Option 2 - Use your systems and pass info to your customer's.  You may be lucky enough to have a customer who is sophisticated enough to define for you their information needs such that you can use your own systems on their site and simply provide them with reports, on a periodic basis, of the work done for them. These reports can be supplied in a format such that, if the customer wishes to, they can input these reports electronically into the databases of their own systems.
Option 3 - Use the same computer system as your customer and have electronic data interchange between them.  With this option, you adopt the same computer systems as your customers.  For example, if you customer is using the Mincom ERP, you purchase the same datagbase with the prior agreement from the customer that you can interface the two databases. When you update your database, it triggers updates to the customer's database. The aim of this is to eliminate double input and ensure (you hope!),compatibility between your data and that of your client's.  This is possibly the most expensive and stupidest thing to do but it has happened in the past and, in all cases, without success.  If and when the customer relets the contract to a new supplier, you are left with an expensive acquistion that does not necessarily match the systems of your next customer.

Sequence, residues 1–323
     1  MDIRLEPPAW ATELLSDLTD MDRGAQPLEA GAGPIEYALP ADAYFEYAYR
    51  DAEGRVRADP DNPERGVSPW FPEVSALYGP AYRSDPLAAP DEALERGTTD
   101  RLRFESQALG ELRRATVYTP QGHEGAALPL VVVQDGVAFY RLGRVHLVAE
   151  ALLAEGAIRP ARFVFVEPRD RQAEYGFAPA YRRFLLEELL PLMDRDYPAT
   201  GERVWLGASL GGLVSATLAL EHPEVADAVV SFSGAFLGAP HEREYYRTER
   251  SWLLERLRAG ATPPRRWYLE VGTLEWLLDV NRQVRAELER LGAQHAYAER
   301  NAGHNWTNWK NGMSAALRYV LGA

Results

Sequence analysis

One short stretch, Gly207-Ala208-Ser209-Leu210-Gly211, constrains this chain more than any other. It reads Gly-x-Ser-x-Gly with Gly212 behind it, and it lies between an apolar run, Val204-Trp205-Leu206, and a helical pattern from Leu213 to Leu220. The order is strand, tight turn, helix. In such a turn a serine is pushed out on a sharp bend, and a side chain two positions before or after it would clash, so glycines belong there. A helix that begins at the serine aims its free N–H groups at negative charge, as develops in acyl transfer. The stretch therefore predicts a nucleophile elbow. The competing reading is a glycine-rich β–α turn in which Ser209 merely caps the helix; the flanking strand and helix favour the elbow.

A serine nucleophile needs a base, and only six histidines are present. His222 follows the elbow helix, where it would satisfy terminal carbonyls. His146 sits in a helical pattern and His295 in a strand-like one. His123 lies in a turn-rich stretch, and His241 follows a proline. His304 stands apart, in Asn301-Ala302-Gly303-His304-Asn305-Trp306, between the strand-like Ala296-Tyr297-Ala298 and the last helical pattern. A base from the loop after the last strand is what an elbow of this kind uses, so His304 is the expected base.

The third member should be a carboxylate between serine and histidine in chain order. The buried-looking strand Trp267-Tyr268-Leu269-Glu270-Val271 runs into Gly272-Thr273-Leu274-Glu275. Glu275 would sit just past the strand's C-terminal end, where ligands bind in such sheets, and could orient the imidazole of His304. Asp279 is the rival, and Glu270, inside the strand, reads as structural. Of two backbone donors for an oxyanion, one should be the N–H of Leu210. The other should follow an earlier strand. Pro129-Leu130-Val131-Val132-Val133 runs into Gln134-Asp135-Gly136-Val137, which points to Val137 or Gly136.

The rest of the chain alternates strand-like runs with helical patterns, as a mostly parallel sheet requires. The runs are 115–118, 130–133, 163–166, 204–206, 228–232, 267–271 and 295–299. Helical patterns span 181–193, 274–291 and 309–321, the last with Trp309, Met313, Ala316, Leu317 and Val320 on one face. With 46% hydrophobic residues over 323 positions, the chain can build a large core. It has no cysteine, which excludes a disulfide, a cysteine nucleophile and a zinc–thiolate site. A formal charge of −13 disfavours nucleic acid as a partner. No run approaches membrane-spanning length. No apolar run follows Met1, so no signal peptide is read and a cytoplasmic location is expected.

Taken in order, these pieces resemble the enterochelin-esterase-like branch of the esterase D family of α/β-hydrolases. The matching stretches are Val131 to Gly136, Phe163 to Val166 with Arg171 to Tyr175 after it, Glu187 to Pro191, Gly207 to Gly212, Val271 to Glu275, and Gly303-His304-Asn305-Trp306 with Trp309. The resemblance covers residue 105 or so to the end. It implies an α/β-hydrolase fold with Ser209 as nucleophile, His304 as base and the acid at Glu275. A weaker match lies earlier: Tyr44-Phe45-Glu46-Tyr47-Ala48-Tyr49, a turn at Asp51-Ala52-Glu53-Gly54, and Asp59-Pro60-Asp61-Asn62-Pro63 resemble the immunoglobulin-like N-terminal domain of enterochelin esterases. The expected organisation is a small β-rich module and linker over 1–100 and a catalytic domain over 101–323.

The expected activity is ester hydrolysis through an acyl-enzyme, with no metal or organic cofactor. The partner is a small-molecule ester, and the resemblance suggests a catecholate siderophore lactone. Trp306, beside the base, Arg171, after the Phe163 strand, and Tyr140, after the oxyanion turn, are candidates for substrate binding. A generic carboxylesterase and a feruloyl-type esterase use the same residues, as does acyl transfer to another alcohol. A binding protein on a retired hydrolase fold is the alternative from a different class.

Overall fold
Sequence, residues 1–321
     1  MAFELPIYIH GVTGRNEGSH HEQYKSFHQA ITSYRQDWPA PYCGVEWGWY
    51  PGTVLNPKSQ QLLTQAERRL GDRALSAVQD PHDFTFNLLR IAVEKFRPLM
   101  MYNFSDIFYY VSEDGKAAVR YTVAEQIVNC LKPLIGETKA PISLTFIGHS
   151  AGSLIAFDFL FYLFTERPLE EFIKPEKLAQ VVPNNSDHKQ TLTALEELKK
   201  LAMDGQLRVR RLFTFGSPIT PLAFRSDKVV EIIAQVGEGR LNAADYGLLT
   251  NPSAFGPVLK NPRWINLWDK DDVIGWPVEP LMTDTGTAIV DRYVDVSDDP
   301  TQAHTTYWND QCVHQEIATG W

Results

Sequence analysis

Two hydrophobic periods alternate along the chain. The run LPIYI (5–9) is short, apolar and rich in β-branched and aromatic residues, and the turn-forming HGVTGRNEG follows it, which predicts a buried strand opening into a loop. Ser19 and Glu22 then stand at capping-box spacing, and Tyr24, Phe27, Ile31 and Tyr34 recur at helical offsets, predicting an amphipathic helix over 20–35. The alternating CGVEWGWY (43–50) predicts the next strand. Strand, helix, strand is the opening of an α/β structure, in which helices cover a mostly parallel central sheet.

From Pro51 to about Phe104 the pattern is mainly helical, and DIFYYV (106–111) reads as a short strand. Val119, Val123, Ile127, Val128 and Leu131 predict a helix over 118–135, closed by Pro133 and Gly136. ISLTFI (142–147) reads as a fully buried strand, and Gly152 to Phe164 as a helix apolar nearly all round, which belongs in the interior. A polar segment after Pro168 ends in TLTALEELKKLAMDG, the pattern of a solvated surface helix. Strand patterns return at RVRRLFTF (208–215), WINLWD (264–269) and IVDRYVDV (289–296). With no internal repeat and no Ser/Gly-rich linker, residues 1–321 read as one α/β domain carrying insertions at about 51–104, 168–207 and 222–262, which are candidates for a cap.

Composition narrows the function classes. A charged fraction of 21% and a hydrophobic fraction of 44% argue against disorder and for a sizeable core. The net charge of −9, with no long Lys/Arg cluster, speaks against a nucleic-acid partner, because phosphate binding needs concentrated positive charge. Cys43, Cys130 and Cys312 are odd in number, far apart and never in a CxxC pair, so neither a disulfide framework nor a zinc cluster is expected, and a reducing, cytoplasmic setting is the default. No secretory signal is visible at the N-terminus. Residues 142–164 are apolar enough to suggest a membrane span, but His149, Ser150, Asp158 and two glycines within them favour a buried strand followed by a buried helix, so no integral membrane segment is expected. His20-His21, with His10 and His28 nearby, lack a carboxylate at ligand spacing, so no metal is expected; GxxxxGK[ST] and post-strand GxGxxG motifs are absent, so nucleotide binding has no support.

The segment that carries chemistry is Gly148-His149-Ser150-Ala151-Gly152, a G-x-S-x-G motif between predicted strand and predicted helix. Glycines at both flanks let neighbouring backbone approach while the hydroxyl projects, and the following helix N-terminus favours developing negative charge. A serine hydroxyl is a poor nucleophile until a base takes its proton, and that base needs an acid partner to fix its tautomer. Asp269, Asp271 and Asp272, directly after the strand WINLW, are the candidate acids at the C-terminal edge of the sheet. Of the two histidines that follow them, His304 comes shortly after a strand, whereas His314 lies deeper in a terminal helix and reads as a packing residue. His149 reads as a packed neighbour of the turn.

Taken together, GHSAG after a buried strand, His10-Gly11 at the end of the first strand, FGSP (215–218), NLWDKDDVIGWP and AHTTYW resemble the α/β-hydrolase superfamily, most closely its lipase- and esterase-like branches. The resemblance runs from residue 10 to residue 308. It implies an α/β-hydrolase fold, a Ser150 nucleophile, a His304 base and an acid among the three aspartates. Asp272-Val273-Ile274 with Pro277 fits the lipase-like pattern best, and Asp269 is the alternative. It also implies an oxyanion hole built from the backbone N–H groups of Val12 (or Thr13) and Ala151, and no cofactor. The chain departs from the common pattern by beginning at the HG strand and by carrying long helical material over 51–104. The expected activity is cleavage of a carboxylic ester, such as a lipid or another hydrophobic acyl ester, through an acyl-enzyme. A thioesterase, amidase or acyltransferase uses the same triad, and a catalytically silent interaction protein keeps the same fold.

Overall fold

Option 4 - Use the customer's system to report your work and get paid to input the data the customer needs.  This arrangement is a half-way house where the client lets your people use his computer systems to report their work back to your systems and you get paid to enter the data the customer requires regarding the services that were provided plus other matters relating to the actual work operation.  In this arrangement, you are spared the cost of supplying your own computer terminals on site but still have duplicated input, the cost of which either your or your customer has to absorb.